“Mr. President, the problem we face with Mr. Lew’s nomination is that the Senate does not have answers to basic factual questions about Mr. Lew,” he said in a speech on the Senate floor Wednesday. “How can we make an informed choice on his nomination? For example, when Mr. Lew worked at tax-exempt New York University, he was given a subsidized $1.4 million mortgage. Now, Mr. Lew claims that he cannot remember the interest rate he paid on his $1.4 million mortgage that tax-exempt New York University gave him. Does this pass the laugh test? I asked Mr. Lew to provide details of the mortgage to Congress. He refused repeated requests for full details and documentation of this taxpayer-subsidized mortgage. The explanations he did provide were needlessly complex, making it almost impossible to understand the structure of his loan. What is he hiding? Why can’t Congress get a straight answer out of him? When Mr. Lew was executive vice president of NYU, the school received kickbacks on student loans from Citigroup. Then, Mr. Lew went to work for Citigroup. When I asked Mr. Lew if he had any conversations with Citigroup about these kickbacks while he was at NYU, he once again ‘could not recall.’ I asked for any documents related to his involvement in the kickbacks. He refused to search for them. Did those conversations occur? We don’t know. On Monday, The New York Times uncovered a $685,000 payment NYU gave Jack Lew on his way out the door. The New York Times called the payment ‘unusual.’ It’s a shame that Mr. Lew failed to provide these details as part of his confirmation process, leaving us to rely on the press to dig out the details. He told the Finance Committee that he received ‘severance pay’ from NYU but did not disclose the amount. The dictionary defines ‘severance pay’ as, ‘A sum of money usually based on length of employment for which an employee is eligible upon termination.’ Was Mr. Lew terminated? If so, why was he terminated? If not, was the severance package really a parting gift from the university? I don’t know the answers to those questions, because Mr. Lew was not forthcoming with answers.
"When it comes to questions about investments in the Cayman Islands, things get even less transparent," Grassley added. "Mr. Lew claims he did not know that Ugland House was a notorious tax haven. He claims he did not know that he had his money in the Cayman Islands. He claims he was not aware of any Citigroup Cayman Islands accounts. Again, it doesn’t pass the laugh test. President Obama and Chairman Baucus had highlighted Ugland House as a problem. When Mr. Lew was at Citigroup, for years, he signed documents that disclosed the fact that he was investing money in the Cayman Islands. His distinctive signature was just inches away from the words ‘Ugland House,’ ‘Grand Cayman’ and ‘Cayman Islands.’ He claims now that he did not know where his money was going. We have so many more questions for Mr. Lew. “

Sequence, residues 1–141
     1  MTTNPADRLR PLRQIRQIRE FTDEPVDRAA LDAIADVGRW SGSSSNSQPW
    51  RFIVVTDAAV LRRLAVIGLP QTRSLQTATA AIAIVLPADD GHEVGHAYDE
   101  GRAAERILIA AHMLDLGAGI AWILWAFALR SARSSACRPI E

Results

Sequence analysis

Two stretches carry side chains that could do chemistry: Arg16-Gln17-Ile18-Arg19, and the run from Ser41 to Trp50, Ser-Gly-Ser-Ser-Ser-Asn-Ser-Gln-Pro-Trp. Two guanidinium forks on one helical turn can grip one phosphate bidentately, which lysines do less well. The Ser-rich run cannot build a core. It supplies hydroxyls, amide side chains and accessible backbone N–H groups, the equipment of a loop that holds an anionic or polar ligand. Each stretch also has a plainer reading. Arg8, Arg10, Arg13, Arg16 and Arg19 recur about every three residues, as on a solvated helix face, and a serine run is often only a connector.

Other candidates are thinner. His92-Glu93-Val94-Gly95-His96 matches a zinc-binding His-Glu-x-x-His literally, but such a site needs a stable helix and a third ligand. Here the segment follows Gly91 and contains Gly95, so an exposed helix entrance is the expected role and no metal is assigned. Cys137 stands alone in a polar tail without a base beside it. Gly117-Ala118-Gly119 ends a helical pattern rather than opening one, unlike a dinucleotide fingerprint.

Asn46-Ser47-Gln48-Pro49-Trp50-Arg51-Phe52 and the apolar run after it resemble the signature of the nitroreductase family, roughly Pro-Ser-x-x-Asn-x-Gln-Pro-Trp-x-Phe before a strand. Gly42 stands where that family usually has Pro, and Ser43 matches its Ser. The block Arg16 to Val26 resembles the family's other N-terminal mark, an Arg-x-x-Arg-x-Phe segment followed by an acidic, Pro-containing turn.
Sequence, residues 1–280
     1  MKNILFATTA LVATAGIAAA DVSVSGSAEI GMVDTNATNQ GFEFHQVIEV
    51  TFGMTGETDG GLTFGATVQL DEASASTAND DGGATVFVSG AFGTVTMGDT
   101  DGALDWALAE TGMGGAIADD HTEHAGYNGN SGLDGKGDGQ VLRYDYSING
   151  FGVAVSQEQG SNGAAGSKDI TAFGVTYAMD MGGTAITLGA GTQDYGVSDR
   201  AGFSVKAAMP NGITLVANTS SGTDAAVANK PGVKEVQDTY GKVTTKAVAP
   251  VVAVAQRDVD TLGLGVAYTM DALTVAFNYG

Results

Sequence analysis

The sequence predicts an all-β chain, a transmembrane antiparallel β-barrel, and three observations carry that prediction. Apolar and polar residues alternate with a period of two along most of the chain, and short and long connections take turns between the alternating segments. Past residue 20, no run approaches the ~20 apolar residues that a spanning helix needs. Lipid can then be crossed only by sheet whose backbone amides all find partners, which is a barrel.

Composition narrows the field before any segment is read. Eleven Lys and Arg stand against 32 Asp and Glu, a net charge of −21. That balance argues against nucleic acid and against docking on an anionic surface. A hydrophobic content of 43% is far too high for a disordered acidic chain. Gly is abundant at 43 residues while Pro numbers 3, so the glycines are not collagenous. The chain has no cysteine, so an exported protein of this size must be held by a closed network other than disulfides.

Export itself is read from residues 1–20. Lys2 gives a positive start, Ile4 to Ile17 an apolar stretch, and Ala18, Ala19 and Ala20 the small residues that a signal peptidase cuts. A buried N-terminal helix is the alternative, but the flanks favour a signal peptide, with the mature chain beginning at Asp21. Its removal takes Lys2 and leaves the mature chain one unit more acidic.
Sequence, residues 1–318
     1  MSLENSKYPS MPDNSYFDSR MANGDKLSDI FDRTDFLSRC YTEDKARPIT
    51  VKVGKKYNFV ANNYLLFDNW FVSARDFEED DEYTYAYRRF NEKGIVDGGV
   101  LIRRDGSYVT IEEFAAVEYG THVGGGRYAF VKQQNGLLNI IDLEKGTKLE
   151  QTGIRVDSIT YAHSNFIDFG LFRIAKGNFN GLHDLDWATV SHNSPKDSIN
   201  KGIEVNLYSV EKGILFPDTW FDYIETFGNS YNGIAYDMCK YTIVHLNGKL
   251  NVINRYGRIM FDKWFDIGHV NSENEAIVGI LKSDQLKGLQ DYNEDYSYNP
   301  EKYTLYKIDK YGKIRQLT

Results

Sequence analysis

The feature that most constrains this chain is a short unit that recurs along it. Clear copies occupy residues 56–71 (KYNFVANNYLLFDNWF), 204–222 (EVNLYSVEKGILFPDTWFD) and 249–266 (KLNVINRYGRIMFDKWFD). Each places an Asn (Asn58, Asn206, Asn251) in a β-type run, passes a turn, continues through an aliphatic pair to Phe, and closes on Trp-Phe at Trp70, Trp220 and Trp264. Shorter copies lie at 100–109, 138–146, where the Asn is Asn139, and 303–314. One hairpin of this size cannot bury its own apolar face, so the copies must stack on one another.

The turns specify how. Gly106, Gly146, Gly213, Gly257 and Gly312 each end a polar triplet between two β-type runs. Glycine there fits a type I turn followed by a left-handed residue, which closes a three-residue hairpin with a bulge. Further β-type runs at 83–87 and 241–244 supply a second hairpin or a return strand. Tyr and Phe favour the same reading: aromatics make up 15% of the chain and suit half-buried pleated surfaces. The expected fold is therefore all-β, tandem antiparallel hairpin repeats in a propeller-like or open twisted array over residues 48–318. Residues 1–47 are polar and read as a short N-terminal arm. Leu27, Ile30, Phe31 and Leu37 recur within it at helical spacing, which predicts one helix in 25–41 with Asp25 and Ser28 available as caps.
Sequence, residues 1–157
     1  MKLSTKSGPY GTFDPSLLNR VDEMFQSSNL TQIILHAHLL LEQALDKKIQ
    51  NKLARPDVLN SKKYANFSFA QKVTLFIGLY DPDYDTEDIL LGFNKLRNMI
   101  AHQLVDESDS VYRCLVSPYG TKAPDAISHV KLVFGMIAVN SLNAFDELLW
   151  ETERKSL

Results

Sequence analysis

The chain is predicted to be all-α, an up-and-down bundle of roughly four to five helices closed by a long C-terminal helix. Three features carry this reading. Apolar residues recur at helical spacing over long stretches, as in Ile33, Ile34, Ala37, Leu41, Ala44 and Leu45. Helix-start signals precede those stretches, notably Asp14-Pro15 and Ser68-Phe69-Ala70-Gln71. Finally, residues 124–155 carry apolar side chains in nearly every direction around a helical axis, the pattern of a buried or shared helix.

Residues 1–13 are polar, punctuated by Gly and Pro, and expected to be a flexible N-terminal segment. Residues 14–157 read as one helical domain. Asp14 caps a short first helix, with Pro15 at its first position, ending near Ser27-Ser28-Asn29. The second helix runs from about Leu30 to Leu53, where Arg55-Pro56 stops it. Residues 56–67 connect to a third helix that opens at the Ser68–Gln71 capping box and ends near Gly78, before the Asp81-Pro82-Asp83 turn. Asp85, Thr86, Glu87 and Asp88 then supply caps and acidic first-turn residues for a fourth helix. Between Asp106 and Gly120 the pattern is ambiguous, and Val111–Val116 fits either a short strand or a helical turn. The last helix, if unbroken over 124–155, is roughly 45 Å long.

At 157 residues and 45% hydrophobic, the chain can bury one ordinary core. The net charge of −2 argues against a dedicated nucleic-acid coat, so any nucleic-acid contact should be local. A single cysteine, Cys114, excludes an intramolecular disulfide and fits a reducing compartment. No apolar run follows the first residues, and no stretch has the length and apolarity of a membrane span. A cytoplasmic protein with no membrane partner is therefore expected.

From 2004 through 2008, Lew served on the board of directors of the Corporation for National and Community Service and chaired its Management, Administration, and Governance Committee.
As OMB Director from 1998 to 2001, Lew led the Administration budget team and served as a member of the National Security Council. During his tenure at OMB, the U.S. budget operated at a surplus for three consecutive years. Earlier, Lew served as OMB’s Deputy Director and was a member of the negotiating team that reached a bipartisan agreement to balance the budget. As Special Assistant to President Clinton from 1993 to 1994, Mr. Lew helped design Americorps, the national service program.
Lew began his career in Washington in 1973 as a legislative aide. From 1979 to 1987, he was a principal domestic policy advisor to House Speaker Thomas P. O'Neill, Jr, when he served the House Democratic Steering and Policy Committee as Assistant Director and then Executive Director. He was the Speaker’s liaison to the Greenspan Commission, which negotiated a bipartisan solution to extend the solvency of Social Security in 1983, and he was responsible for domestic and economic issues, including Medicare, budget, tax, trade, appropriations, and energy issues.
Before joining the Obama Administration, Lew co-chaired the Advisory Board for City Year New York and was on the boards of the Kaiser Family Foundation, the Center on Budget and Policy Priorities, the Brookings Institution Hamilton Project, and the Tobin Project. He is a member of the Council on Foreign Relations, the National Academy of Social Insurance, and of the bar in Massachusetts and the District of Columbia.